How to bring water to a boil.

Adding to those local water-based attractions are other places serving up adventures and scenery that make for amazing days and brilliant memories. There’s sailing on Tahoe and the option of a slow cruise across the lake in a classic woody or on a well-appointed yacht, including a 70-foot million-dollar beauty built in 1966. You can rent kayaks or paddleboards for Tahoe and Donner or book a parasailing ride that lifts you into the ether above the lake.

Finally, a classic that doesn’t necessarily instill visions of danger and daring are those classic therapeutic options of renting a tube and floating the Truckee River from Tahoe City to River Ranch. If that’s too sedate, ramp it up and look into booking a whitewater rafting trip into the local stretches of frothy waters. To look more deeply into your options, consider visiting these sites while your coffee’s still warm. Photo courtesy of Paul Hamill Photography

Lake Tahoe aboard Wild Goose II – www.wildgoose2.com

Lake Tahoe Bleu Wave Cruise – www.tahoebleuwave.com

Action Water Sports – www.awsincline.com

West Shore Sports – www.westshoresports.com

Adrift Tahoe – www.standuppaddletahoe.com

Truckee River Rafting – www.truckeeriverrafting.com

California Parasail – www.californiaparasail.com

North Tahoe Watersports – www.parasailtahoe.com

Mountain Biking: Kick it up a gear.

Away from the water and woven into the forests and slopes of the area is a mixed bag of goodies that will leave you in a wide-eyed state of wonder. Pick your pleasure – from bikes to boulders to trails for runners, hikers and horses – and rip into some terra firma fun.

For most of us, the notion of riding a bike is as simple as, well, riding a bike. Not so, according to Dylan Renn of A Singletrack Mind, a locally based company specializing in building mountain bike riding skills and arranging tours, camps and clinics for everyone from first timers to those looking to drop in on some of the area’s legendary mountain bike trails. When it comes to coaches, few rival the talent of Renn. He’s raced at expert and pro levels for 20 years and has been a professional coach for 12. And yet, as Yelp reviews consistently testify, he gets just as much thrill out of seeing the spark of life light up in kids working their way up the ladder of progression.

Tahoe Mountain Biking“These programs are all about safety and skill and inspiring people of all ages to enjoy biking as a lifetime passion,” explained Renn, who focuses primarily on such details as body positioning, mental attitudes, cornering, enhancing hand/eye coordination, and mastering jumps, drops and stomps. Chances are, you’ve seen him around Martis Camp on trails with riders in tow who are learning skills as well as being exposed to the many paths around the community. He also is called upon by those looking for more advanced lessons that take them to such places as Big Chief, Sawtooth and Hole-In-The-Ground. “Those rides are ideal,” Renn explained. “You get a morning of riding some fantastic country and are back in time for an afternoon round of golf.”  Photo courtesy of A Singletrack Mind and Abner Kingman

More information on tours and clinics from A Singletrack Mind can be found at www.asingletrackmind.com

Tahoe Via Ferrata: A mountain of adventure.

In homes throughout Martis Camp, walls, hallways and coffee tables are adorned with photos of family outings throughout the Tahoe area, most prominent being those captured on ski slopes and at the lake itself. Gaining quickly on those standards, however, are images that look like something out of Eiger Sanction, with people ascending cliffs and overhangs and crossing from one boulder face to another via ropes and ladders. And the funny thing is, they’re all smiling – kids of all ages accomplishing feats they never imagined. Stranger yet, those photos were taken not in the French Alps but rather Squaw Valley.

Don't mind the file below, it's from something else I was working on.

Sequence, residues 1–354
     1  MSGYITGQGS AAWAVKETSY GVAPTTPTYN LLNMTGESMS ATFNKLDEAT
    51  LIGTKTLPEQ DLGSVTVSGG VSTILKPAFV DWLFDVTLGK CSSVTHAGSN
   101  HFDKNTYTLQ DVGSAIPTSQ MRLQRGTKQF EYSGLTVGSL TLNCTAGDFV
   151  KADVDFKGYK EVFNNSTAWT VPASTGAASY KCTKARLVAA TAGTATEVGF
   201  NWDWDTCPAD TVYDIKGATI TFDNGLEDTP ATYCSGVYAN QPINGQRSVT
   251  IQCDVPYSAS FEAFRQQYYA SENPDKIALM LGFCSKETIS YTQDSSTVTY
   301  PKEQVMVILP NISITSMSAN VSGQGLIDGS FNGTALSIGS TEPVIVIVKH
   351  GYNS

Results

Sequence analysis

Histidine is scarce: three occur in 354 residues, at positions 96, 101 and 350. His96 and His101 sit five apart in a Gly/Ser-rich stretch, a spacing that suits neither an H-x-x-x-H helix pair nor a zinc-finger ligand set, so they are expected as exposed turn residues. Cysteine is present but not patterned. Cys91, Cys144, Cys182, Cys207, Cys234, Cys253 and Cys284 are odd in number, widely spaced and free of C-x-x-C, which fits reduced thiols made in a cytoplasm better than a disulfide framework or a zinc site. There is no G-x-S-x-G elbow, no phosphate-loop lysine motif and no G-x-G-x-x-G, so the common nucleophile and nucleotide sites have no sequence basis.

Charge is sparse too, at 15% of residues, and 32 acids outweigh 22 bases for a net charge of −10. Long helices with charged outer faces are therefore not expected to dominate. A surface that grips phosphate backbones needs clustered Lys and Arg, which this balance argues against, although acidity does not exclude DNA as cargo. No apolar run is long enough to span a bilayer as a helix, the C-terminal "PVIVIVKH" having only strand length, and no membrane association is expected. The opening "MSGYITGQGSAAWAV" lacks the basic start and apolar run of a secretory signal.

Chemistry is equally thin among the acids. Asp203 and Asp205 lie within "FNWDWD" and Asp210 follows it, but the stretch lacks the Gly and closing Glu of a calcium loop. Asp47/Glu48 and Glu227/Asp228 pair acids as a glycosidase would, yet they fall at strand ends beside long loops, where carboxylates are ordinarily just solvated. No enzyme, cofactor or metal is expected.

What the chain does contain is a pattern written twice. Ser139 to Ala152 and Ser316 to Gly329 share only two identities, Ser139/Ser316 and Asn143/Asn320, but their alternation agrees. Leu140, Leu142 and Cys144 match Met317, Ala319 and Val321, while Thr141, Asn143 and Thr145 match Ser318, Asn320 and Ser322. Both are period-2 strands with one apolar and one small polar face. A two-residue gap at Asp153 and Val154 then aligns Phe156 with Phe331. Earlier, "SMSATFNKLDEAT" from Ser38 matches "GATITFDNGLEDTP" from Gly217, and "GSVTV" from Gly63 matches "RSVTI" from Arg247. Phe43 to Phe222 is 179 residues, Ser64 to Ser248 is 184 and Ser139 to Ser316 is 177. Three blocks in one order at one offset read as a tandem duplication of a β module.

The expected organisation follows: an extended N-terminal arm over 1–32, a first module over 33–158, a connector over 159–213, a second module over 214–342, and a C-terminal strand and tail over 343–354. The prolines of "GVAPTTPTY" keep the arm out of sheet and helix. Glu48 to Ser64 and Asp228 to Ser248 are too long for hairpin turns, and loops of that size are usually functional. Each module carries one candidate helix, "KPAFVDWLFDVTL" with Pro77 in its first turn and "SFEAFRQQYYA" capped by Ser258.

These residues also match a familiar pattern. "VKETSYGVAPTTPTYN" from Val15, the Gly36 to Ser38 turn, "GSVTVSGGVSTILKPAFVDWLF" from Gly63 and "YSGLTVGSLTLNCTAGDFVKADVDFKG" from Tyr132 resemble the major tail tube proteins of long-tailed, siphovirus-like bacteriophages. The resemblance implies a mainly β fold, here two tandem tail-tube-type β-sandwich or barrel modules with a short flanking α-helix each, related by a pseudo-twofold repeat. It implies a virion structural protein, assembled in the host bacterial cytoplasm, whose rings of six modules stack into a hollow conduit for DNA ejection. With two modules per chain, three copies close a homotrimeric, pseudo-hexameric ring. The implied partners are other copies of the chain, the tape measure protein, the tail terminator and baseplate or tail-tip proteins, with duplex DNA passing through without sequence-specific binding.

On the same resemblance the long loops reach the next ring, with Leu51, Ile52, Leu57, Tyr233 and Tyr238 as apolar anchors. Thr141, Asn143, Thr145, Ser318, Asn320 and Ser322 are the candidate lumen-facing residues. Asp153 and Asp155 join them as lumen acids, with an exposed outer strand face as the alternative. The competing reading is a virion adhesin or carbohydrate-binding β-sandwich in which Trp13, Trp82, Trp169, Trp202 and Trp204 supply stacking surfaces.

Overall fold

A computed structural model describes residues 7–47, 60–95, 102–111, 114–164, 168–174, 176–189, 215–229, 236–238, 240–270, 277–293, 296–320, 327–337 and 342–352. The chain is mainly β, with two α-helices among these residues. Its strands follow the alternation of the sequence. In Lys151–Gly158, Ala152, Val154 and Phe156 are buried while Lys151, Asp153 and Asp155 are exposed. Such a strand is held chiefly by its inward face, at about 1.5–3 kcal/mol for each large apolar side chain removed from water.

Tahoe Via Ferrata“We’ve had people from 7-84 years old conquering this course,” said Sean Kristl, of Tahoe Via Ferrata. “They all come down with this ‘holy smokes, I did it’ sense of accomplishment,” he added. “And all this from people who mainly have no previous experience in climbing.” Kristl and the AMGA-certified guides at Via Feratta have a great track record for instructing newcomers in the art of mountaineering. More importantly, they’re just as skilled at recognizing and overcoming any fears that might arise. “That’s a natural response that we’re prepared to deal with,” explained Kristl. “The option to bow out is always there but – knowing that they’re locked into harnesses and cables and that every safety precaution is taken care of – rarely does anyone take us up on that. Instead, they discover how to move more freely with the mountain and they learn how to move beyond any fears of climbing.”

Many who got their starts at Tahoe Via Ferrata have gone further afield with their climbing, including those once-rookies who are now summiting mountains across the world. Still others are happy to simply show up for a birthday party, bachelorette party, or team building session unlike any they’ve ever experienced.

Tahoe Via Ferrata promises a great sense of accomplishment, as well as a few amazing photos (courtesy of the guides) to add to your walls and hallways. For details, visit www.tahoevia.com

Photo courtesy of Paul Hamill Photography

Rock Climbing: We will rock you.

If you’ve ever taken the scenic route to Tahoe via the Old Donner Pass Road, chances are you’ve seen humans hanging spider-like on rocks that are among the west’s most famous. The Tahoe Truckee area features many promontories that call to those in search of new skills and thrills.

Paul Hamill - Bouldering Donner Summit

Photo courtesy of Paul Hamill Photography

Among those companies that are adept at exposing you to this sport and these routes are:

North American Ski Training & Climbing School (NASTC)  – www.skinastc.com

Alpenglow Expeditions  – www.alpenglowexpeditions.com

Tahoe Mountain School  – www.tahoemountainschool.com

Blackbird Mountain Guides – www.blackbirdguides.com

Story by Scott Mortimore